Reject the Closet and Destroy Capitalism With ‘Batman Returns,’ the Perfect Queer Christmas Film
There are plenty of delightful queer holiday specials, from Christmas at Pee Wee’s Playhouse to Meet Me in St. Louis to The Family Stone. But one of the best, weirdest, smartest and messiest of them all is Batman Returns, our favorite queer Christmas film.
It’s Catwoman’s Movie
One of the best things about Batman Returns is that it’s not really about Batman at all — he’s just a prop for Michelle Pfeiffer’s Catwoman, the character who experiences the true arc of the film. But Pfeiffer almost never got to play the role; her rivals for the part included Demi Moore, Annette Bening, Nicole Kidman and even Cher. Susan Sarandon had a shot at it as well, until she decided to do Lorenzo’s Oil (a movie that, coincidentally, Pfeiffer had left).
Sean Young also wanted the part and went so far as to show up at the production offices in a Catwoman costume that she’d made herself. That didn’t go over well.
The Catwoman costume was so iconic that some cities had to assign cops to guard the bus stops where the movie poster hung, because they were so prone to being stolen. In all, there were 60 costumes made for Pfeiffer — each costing $1,000 — and they were so tight she often became light-headed during filming.
Keaton, as Batman, experienced some pain as well. His costume weighed 55 pounds and was difficult to move in. But the costumers did make one concession to ease his burden: he asked for, and received, a zipper in those Bat-pants.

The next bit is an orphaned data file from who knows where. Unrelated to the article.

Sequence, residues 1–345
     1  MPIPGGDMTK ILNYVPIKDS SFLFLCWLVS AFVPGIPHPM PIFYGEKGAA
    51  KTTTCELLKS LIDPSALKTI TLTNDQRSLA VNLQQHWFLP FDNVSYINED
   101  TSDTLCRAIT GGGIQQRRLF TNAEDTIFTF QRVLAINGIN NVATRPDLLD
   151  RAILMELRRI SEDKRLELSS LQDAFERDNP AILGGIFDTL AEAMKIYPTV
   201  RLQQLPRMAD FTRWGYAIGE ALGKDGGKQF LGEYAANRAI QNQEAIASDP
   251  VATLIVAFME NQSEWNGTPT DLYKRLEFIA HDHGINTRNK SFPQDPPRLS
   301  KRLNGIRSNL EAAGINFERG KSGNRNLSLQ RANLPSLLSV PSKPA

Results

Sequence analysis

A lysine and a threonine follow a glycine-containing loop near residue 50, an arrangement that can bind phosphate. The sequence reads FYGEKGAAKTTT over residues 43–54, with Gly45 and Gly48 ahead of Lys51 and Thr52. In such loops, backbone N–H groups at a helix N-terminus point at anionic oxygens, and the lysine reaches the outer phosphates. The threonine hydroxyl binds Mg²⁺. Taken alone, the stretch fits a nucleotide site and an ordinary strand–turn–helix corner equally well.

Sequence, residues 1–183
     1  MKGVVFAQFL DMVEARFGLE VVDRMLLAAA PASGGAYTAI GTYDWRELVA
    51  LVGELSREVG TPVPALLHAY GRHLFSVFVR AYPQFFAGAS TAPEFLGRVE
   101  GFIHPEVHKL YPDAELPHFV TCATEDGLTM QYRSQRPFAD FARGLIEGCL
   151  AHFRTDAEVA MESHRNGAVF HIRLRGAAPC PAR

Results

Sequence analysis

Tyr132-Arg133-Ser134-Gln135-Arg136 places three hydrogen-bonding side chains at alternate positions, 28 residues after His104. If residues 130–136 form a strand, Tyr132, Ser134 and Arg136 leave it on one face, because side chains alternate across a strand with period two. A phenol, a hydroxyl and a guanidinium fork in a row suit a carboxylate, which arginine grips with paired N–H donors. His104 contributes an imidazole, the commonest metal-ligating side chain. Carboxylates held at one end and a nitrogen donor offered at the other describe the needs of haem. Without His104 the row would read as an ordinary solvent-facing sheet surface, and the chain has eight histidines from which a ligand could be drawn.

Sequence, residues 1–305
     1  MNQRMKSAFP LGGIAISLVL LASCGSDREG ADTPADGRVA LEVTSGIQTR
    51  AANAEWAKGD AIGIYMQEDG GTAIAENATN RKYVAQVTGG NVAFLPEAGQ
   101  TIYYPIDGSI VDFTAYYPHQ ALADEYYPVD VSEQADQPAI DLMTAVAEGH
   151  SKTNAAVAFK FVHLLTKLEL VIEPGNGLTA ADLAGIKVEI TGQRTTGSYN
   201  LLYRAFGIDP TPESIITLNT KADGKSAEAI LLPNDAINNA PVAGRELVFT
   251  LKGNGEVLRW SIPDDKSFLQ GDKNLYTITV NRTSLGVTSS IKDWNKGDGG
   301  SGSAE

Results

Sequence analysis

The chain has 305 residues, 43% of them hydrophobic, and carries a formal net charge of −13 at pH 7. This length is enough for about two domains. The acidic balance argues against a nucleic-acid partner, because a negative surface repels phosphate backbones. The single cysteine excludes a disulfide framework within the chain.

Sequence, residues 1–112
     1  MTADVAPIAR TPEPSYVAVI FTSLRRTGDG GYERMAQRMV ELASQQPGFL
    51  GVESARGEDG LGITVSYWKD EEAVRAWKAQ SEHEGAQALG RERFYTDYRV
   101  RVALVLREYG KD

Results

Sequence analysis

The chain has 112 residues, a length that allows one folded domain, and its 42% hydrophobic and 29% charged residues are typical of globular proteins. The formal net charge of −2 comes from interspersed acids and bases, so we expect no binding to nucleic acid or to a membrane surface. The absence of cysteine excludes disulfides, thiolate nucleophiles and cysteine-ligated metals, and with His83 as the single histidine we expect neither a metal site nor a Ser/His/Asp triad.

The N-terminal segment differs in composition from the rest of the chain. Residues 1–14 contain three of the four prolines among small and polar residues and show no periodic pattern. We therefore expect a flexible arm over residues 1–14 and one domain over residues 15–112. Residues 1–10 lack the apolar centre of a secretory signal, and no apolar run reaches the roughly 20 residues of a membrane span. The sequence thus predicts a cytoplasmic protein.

Director Tim Burton leaned heavily on animal alter-egos to characterize the film’s main figures. There were CGI bats for Bruce Wayne, furry felines for Selina Kyle and an army of penguins for Oswald Cobblepot (Danny Devito’s Penguin).
Obtaining the penguins presented a challenge. They had to be flown over from England in a refrigerated plane, and were presented with daily fish deliveries during filming. The set was kept at just above freezing temperatures, and the birds seemed content enough. Most mated and produced eggs afterwards, though one was found sleeping with one of the mechanical penguins.
The Queer Subtext of Batman Returns
It’s not difficult to peel back a few layers and find a queer meaning to the film. It’s the story of a woman seeking revenge on a world that insisted she conform to shallow gender stereotypes.
Selina Kyle has bought into traditional feminine ideals her whole life, and it’s only after a ruthless man tries to kill her that she has an epiphany about embracing her sexual expression in a scene where she literally demolishes a closet.
The Penguin reflects another tragic approach to queerness: a desperate bid for parental approval. His sad quest to be loved and his fury at those who have rejected him are eventually his undoing. On the other hand, Catwoman successfully realizes that it’s ultimately Max Schreck’s capitalist exploitation that must be destroyed, and Bruce Wayne’s web of lies that must be resisted.
So this holiday season, cozy up with a loved one and enjoy Batman Returns. Reject the closet, embrace your sexuality and, above all, destroy capitalism. Happy Holidays to all!
This article was originally published in December 2018. It has since been updated.